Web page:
As seen through the examples of Vathek and King Kong, race, exoticism, and ethnography contribute greatly to the construction of monstrosity, a fact which holds true in both film and literature. Originally released in 1932, Karl Freund’s The Mummy intricately embodies this particular form of monstrosity relating to race, exoticism, and ethnography. Serving as the primary source of information on Ancient Egypt for Western audience members at this time period, The Mummy tells the story of an Ancient Egyptian priest named Imhotep who is discovered by members of an archaeological expedition (Cowie & Johnson 93). After attempting to bring Princess Ankh-es-en-amon, his forbidden lover, back to life, Imhotep was mummified alive by his fellow Egyptians as a way of punishing him for his misdeeds; however, after being awakened by the members of the archaeological expedition, Imhotep successfully assimilates into Egypt’s new culture and discovers a woman named Helen who he believes is a reincarnation of Princess Ankh-es-en-amon. At this point, Imhotep makes an effort to kill and then mummify her so they can be reunited once more. Helen, however, calls upon the Egyptian goddess Isis who then destroys Imhotep once and for all (Striner 48). The Mummy continues to have an astounding impact on the production of many films in the Ancient Egyptian genre to this day (Smith 19).
An application of Edward Said’s Orientalism is perhaps the best route through which to analyze Karl Freund’s The Mummy. Said uses the term Orientalism to describe the ways in which Western artists and scholars depicted the Orient as an inferior and “other”-like culture in comparison to the West (Said 21). In other words, Said argues that the Orient is being represented in Western culture as exotic and unknown, which becomes the basis for the development of Western superiority. In turn, these aspects of otherness and inferiority fuse together to create a unique blend of monstrosity which is evidenced several times throughout The Mummy. One prime example of Orientalism’s role in the film is seen in the intrusion of British archaeologists onto sacred Ancient Egyptian territory. The archaeologists are not merely visiting, but rather, they are excavating the grounds and crediting themselves with finding the culture, opposed to acknowledging the culture as its own (Scurry 76). When their findings are placed in a museum later in the film, a plaque is placed at the epicenter of the exhibit which reads as follows: “All objects in the room are from her unplundered tomb, discovered by the British Museum Field Force 1932.” Again, this establishes Ancient Egypt as an inferior culture and subsequently depicts the Mummy as the monstrous “other.”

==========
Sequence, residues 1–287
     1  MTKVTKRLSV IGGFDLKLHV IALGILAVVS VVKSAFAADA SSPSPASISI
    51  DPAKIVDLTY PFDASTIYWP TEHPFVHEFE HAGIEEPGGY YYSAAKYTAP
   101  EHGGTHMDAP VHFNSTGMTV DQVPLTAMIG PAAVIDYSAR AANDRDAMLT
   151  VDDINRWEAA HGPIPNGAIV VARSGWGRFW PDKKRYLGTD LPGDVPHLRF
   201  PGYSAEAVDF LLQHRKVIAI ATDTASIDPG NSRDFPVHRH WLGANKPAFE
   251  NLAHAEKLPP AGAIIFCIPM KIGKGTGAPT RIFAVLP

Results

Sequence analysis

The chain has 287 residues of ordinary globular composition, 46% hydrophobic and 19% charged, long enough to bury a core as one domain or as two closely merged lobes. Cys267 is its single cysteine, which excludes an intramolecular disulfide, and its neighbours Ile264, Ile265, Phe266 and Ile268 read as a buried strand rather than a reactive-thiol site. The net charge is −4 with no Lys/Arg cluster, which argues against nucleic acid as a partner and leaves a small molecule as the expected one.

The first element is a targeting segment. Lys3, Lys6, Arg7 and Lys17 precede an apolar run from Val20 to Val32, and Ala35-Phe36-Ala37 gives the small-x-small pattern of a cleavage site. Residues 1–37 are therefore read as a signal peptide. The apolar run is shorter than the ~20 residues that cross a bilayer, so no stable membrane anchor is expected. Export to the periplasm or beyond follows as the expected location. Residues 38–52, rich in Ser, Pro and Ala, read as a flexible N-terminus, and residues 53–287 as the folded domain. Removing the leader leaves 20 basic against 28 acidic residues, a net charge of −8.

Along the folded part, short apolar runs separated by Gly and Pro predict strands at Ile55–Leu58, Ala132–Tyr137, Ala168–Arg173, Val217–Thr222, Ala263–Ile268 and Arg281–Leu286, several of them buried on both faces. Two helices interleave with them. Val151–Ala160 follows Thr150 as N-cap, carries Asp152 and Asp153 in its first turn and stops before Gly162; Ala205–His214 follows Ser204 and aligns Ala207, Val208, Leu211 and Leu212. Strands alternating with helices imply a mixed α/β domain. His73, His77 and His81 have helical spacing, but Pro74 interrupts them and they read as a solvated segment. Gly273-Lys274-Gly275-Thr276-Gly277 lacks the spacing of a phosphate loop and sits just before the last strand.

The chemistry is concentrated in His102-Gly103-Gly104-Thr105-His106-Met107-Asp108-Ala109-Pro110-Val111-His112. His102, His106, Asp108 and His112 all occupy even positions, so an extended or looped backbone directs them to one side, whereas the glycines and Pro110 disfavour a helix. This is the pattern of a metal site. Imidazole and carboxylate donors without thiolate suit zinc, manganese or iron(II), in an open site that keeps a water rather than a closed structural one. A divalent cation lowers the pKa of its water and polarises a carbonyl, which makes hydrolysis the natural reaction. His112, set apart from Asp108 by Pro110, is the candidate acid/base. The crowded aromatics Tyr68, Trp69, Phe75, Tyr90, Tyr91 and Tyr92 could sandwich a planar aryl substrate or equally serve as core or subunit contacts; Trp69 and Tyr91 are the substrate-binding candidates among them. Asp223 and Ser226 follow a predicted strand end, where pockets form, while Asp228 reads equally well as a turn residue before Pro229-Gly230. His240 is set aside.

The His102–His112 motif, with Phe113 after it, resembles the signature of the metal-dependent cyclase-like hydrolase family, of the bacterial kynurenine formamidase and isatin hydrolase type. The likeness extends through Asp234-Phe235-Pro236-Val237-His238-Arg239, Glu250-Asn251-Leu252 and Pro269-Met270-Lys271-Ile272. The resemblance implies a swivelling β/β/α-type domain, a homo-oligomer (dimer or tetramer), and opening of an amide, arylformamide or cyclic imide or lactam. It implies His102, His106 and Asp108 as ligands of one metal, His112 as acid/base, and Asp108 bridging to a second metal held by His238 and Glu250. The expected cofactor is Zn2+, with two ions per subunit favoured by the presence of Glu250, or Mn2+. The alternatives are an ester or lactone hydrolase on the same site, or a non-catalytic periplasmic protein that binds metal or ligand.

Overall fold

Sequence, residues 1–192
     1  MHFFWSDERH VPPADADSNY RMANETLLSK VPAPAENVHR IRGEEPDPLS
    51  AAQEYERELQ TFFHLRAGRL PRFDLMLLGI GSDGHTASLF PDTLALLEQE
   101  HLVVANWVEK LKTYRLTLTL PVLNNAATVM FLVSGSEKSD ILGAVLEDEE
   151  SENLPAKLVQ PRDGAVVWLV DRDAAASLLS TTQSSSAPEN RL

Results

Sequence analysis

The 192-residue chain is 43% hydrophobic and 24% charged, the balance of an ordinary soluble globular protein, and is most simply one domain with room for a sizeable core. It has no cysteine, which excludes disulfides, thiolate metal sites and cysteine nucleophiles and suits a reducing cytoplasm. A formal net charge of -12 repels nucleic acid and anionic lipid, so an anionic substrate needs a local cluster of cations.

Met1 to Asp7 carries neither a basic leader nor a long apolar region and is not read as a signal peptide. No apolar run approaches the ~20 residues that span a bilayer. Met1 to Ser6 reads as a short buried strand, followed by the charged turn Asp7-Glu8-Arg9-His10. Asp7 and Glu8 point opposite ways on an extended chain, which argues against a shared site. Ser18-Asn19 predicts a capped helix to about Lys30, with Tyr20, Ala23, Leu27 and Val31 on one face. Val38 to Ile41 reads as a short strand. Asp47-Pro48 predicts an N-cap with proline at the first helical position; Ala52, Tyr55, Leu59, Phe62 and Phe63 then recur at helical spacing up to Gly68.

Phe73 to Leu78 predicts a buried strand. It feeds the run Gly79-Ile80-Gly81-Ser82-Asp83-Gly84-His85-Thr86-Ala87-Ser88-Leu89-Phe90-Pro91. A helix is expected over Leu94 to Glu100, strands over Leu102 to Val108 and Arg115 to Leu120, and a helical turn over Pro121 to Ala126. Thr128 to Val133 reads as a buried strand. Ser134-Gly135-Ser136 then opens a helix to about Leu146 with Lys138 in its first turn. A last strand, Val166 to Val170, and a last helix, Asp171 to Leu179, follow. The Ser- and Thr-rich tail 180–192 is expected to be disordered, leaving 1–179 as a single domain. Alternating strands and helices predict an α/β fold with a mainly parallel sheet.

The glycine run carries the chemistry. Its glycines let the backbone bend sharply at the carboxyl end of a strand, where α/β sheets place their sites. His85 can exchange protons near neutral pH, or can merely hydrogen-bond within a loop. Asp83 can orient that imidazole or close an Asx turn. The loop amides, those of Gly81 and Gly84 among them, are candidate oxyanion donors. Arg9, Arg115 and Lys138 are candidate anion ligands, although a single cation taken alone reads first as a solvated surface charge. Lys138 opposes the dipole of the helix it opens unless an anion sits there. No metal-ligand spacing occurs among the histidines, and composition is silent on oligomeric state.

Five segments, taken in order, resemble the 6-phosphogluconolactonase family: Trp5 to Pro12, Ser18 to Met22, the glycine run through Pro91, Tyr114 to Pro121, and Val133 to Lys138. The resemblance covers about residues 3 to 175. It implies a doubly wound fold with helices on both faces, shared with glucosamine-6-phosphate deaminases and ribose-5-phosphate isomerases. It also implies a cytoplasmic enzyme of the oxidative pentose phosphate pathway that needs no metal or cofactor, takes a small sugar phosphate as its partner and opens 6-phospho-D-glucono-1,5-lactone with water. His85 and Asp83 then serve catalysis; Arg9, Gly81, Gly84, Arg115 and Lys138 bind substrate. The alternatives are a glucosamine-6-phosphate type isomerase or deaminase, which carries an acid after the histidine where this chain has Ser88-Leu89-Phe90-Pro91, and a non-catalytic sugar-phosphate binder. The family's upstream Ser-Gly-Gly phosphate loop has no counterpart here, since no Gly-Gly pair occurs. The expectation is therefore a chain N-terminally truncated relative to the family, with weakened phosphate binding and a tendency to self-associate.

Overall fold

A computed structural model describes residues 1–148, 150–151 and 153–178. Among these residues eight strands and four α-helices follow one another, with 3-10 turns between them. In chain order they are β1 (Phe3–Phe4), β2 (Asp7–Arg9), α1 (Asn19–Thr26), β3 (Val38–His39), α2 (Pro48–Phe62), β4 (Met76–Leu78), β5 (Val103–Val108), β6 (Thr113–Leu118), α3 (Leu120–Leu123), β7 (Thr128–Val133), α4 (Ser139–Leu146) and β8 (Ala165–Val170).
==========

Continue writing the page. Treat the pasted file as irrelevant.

Cowie, Suzie, and Tom Johnson. The Mummy in Fact, Fiction and Film. Jefferson: McFarland, 2002. Print.
Said, Edward. Orientalism. London: Penguin Books Limited, 2003. Print.
Scurry, Samuel. “Orientalism in American Cinema: Providing a Historical and Geographical Context for Post-Colonial Theory.” MA Thesis. Clemson University, 2010. Web. 20 Nov. 2013.
Smith, Stuart. “Unwrapping the Mummy: Hollywood Fantasies, Egyptian Realities.” Box Office Archaeology: Refining Hollywood’s Portrayals of the Past. Ed. Julie Schablitsky. Walnut Creek: Left Coast Press, 2007. 16-33. Print.
Striner, Richard. Supernatural Romance in Film : Tales of Love, Death and the Afterlife. Jefferson: McFarland, 2011. Print.